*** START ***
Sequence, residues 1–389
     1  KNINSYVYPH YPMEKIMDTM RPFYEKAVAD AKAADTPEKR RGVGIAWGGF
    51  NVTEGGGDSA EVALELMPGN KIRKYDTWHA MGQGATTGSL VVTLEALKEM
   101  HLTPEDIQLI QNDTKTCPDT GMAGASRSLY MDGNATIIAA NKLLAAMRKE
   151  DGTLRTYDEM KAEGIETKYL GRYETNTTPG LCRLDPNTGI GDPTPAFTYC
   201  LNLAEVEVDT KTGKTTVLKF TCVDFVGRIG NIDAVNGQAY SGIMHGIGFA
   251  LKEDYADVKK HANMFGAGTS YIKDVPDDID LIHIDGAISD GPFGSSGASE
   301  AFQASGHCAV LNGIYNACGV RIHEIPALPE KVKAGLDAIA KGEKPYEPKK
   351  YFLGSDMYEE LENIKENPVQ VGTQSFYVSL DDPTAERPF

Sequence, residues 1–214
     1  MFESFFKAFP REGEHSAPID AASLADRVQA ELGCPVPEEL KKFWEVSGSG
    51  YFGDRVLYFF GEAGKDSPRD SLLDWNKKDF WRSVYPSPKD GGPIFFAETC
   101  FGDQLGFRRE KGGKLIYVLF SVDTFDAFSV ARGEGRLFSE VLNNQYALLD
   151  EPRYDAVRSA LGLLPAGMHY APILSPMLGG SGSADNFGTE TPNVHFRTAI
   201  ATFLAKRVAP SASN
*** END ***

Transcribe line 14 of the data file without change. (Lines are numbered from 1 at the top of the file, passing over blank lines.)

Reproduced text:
   151  EPRYDAVRSA LGLLPAGMHY APILSPMLGG SGSADNFGTE TPNVHFRTAI